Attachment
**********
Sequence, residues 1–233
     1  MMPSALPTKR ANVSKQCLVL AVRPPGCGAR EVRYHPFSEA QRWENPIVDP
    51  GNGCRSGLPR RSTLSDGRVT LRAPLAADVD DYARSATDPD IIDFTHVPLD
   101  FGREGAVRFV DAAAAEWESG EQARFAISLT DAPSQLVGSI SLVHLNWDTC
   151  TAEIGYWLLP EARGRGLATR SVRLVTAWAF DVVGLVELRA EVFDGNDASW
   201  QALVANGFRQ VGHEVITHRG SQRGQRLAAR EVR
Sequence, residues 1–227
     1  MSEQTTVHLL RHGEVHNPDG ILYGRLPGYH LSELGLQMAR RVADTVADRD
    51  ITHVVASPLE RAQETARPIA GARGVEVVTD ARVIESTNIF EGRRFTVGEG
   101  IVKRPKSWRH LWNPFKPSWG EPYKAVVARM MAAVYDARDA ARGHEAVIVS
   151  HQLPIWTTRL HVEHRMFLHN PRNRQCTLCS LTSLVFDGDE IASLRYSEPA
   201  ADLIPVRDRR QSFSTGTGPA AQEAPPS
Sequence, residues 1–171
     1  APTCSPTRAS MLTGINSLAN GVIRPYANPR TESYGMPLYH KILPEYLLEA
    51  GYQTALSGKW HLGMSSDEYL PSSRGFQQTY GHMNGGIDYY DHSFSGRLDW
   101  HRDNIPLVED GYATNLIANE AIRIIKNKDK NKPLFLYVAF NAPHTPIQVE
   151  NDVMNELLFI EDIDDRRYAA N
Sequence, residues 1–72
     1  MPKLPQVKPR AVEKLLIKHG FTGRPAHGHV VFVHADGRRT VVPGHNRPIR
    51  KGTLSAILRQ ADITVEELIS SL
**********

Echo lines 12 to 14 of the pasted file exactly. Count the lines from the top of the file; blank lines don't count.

   201  ADLIPVRDRR QSFSTGTGPA AQEAPPS
Sequence, residues 1–171
     1  APTCSPTRAS MLTGINSLAN GVIRPYANPR TESYGMPLYH KILPEYLLEA